Antique Tractors Forum banner
1 - 20 of 84 Posts

·
Registered
Joined
·
53 Posts
Discussion Starter · #1 ·
Hi all!! I'm brand new to Antique tractors. Besides seeing my grandfathers collections and always loving them I know very little about them. I just bought a 1947 Model B that has not been run in what looks like quite a while. The body appears to be in reasonable shape, but it had some modifications made over the years. It appears it was changed over to a 12 volt system with an alternator replacing the generator. Although someone cut the wires off of the alternator. Anyway I'm looking for some feedback as to getting her running. I plan on changing all of the fluids, cleaning the tank and the radiator, cleaning the carb, and throwing a new battery in. I'm hoping you guys can help me with a few suggestions as to where I need to start. Thanks so much in advance!
 

·
-Willy-
Joined
·
1,420 Posts
The alternator is a cheaper replacement to the generator and regulator.

A one wire GM alternator will cost about $50. A John Deere generator is about $250 - $399 depending on where you get it (doesnt matter 12 or 6 volt they are all pricey). The regulator will cost you another $50. When you get the two of them, before you mount them on the tractor, you need to visit a alternator shop and get the regulator tuned to the generator. Otherwise it is a good way to throw away the money you just spent. This is probably why they went to the alternator.
6 volt turns over slow and starts hard. 12 volt will spin it right over and get you going quicker. It is your choice. Just remember, it is human not to leave it alone as the last owner did and feel everything needs to be changed (regardless of if it does).

As to the fluids, I suggest you get a generic repair manual available at any tractor vendor. I dont think John Deere still sells it yet you can try.
From Steiners it is about $50

To get it running, hook up a battery and spin her over. Maybe a shot of ether into the throat of the carb to see if she will fire. I wouldnt bother to pull the radiator unless it leaks. Otherwise typical John Deere it can be 2 hours of work to get the fragile radiator off. Remember, this is a John Deere, not an automobile. The old adage "nothing runs like a Deere" does not apply to how to service them. If she fires, then hook up a temporary fuel tank or trust the one you have and give her some fresh gas.

The transmission (if it has been stored outside) will have water in it. That is regular 90w gear oil.
 

·
Registered
Joined
·
53 Posts
Discussion Starter · #4 ·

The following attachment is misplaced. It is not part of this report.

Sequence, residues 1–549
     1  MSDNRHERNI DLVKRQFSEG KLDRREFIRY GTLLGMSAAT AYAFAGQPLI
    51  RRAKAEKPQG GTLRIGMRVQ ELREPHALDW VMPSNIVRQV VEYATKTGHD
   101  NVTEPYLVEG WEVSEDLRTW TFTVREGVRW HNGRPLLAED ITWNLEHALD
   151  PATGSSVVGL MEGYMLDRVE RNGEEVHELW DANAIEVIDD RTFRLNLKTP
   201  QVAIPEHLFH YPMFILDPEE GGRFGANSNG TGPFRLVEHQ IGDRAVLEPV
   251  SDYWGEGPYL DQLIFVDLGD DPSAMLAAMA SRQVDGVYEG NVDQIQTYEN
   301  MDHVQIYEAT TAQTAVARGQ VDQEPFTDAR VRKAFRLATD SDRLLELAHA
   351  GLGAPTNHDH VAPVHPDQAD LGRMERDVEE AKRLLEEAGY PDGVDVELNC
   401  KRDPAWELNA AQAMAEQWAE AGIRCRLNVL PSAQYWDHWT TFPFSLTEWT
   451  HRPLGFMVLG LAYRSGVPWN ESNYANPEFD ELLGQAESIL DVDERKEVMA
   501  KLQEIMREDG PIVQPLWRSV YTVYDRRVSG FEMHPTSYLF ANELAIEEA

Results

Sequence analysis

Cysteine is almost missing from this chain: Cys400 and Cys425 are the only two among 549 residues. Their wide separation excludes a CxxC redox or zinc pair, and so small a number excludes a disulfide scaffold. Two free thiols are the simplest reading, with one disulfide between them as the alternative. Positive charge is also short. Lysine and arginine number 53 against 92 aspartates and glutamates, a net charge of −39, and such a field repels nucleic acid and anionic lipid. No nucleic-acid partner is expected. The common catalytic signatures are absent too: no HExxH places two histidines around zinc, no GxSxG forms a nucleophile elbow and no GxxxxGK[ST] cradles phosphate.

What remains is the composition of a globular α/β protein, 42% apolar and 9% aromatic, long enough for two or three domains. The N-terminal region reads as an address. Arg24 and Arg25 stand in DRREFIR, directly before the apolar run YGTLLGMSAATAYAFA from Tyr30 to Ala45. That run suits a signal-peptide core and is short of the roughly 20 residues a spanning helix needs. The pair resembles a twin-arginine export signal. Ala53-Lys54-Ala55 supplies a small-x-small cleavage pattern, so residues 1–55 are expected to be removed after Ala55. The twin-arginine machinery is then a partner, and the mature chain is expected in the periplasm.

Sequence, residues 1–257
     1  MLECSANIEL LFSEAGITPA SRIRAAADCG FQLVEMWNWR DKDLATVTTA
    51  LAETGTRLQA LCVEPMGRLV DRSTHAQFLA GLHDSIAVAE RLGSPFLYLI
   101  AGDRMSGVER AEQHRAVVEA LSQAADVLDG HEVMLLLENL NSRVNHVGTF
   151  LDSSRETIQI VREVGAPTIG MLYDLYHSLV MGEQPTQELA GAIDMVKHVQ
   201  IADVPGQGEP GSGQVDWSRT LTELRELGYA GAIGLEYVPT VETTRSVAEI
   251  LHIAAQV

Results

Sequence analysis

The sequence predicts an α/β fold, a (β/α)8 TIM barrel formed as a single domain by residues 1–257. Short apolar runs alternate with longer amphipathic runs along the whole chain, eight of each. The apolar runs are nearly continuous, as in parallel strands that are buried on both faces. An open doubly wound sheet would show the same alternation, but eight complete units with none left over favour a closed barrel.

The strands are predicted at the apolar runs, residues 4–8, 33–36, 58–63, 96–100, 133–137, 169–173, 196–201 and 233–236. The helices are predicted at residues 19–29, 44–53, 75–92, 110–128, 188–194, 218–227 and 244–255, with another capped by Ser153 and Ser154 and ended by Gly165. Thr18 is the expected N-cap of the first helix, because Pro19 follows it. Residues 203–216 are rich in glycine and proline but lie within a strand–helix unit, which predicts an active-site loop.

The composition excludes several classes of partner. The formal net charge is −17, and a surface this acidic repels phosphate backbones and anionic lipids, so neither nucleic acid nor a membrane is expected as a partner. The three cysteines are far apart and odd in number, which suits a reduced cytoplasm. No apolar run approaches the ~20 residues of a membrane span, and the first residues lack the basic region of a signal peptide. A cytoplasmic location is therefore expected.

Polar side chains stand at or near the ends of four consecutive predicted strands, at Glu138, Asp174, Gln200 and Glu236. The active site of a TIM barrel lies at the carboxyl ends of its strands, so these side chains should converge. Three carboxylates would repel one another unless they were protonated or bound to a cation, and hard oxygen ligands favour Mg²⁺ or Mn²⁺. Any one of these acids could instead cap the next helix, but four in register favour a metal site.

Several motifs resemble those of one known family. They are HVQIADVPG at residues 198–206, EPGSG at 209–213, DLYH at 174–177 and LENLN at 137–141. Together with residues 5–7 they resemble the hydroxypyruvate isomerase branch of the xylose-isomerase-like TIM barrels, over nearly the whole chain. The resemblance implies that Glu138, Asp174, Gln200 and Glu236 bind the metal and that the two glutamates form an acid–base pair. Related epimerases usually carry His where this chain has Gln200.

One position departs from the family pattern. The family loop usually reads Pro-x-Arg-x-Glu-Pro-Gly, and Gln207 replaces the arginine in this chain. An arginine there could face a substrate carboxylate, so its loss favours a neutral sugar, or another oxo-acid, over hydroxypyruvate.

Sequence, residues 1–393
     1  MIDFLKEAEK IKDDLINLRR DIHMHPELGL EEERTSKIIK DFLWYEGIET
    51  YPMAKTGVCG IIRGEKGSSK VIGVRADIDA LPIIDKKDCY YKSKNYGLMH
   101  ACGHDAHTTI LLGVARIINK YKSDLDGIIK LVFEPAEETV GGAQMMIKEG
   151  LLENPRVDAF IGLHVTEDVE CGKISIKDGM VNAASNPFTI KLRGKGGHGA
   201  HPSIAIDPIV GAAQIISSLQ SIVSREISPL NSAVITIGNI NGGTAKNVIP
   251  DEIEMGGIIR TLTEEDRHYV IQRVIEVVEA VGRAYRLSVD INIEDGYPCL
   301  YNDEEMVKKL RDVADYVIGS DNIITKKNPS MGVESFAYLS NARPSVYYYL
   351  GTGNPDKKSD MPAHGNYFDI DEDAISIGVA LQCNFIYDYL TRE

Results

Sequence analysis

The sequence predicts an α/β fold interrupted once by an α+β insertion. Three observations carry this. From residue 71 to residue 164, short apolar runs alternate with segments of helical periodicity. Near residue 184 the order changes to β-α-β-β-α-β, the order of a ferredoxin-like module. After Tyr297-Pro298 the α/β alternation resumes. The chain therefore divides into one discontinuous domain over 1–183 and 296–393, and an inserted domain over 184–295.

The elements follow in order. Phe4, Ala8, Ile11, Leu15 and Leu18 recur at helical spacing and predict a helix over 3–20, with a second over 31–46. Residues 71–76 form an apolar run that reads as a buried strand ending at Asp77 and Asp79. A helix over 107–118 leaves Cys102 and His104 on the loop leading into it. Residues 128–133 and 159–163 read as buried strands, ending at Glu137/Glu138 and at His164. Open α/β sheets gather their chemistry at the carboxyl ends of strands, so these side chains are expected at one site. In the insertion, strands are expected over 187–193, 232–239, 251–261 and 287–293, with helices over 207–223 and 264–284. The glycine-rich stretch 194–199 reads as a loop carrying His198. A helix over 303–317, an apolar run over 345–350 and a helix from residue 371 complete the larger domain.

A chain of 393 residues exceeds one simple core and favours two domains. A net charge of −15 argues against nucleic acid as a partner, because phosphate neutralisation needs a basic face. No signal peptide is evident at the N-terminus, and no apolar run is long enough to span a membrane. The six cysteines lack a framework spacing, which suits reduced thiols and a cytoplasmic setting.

Thanks for the info Lovesthedrive!! I'm not gonna have a chance to mess with her until next week or so, in the meantime should I pour some marvel mystery oil down the cylinders to help with lubrication? I ordered a service manual on Amazon for 20 bucks and it should be here next week.

Thanks soundguy! I posted some pics in my photo album and will take some pics of the axle as time allows. Any more information is appreciated!
 

·
Premium Member
Joined
·
849 Posts
A little MMO or transmission fluid down the cylinders would be great, keep in mind though that it's a JD so you're only lubing the bottom of the cylinder since the cylinders are horizontal. Of you have an oil can with a flexible hose maybe you could bend it up and snake it through the plug hole to get a little lube on the top of the bores. Good luck with the tractor!
 

·
Registered
Joined
·
2,499 Posts
maybee shoot some pb blaster or kroil in thru the plug holes with a spray straw.. give it some good shots. that stuff should wick around the rings with capilary action.. etc.
 

·
Registered
Joined
·
53 Posts
Discussion Starter · #7 ·
Just sprayed the cylinders down with PB blaster. I'm gonna let it soak a few days than change the oil and than give her a go.

Soundguy I added a picture of the axle on my photo album.
 

·
Registered
Joined
·
53 Posts
Discussion Starter · #8 ·
Since someone previously cut the wires from my alternator can someone tell me where those wires are supposed to go? Currently the only wires I see intact are from the battery to the starter switch. The wiring for the lights and ammeter have also been cut.

Since the system has been upgraded to 12 volt I'm assuming I no longer need the voltage regulator?
 

·
Registered
Joined
·
320 Posts
If your alternator has a built in regulator, the external voltage regulator is not needed. But, by reading your post you have a multi-wire alternator which probably doesn't have the regulator built in.

This diagram should help you. B-3-Jpeg.jpg
 

·
-Willy-
Joined
·
1,420 Posts
Here is a pic of a one wire alternator. Yes it is now green and now longer brushed grey. grin

IMG_20120506_050956.jpg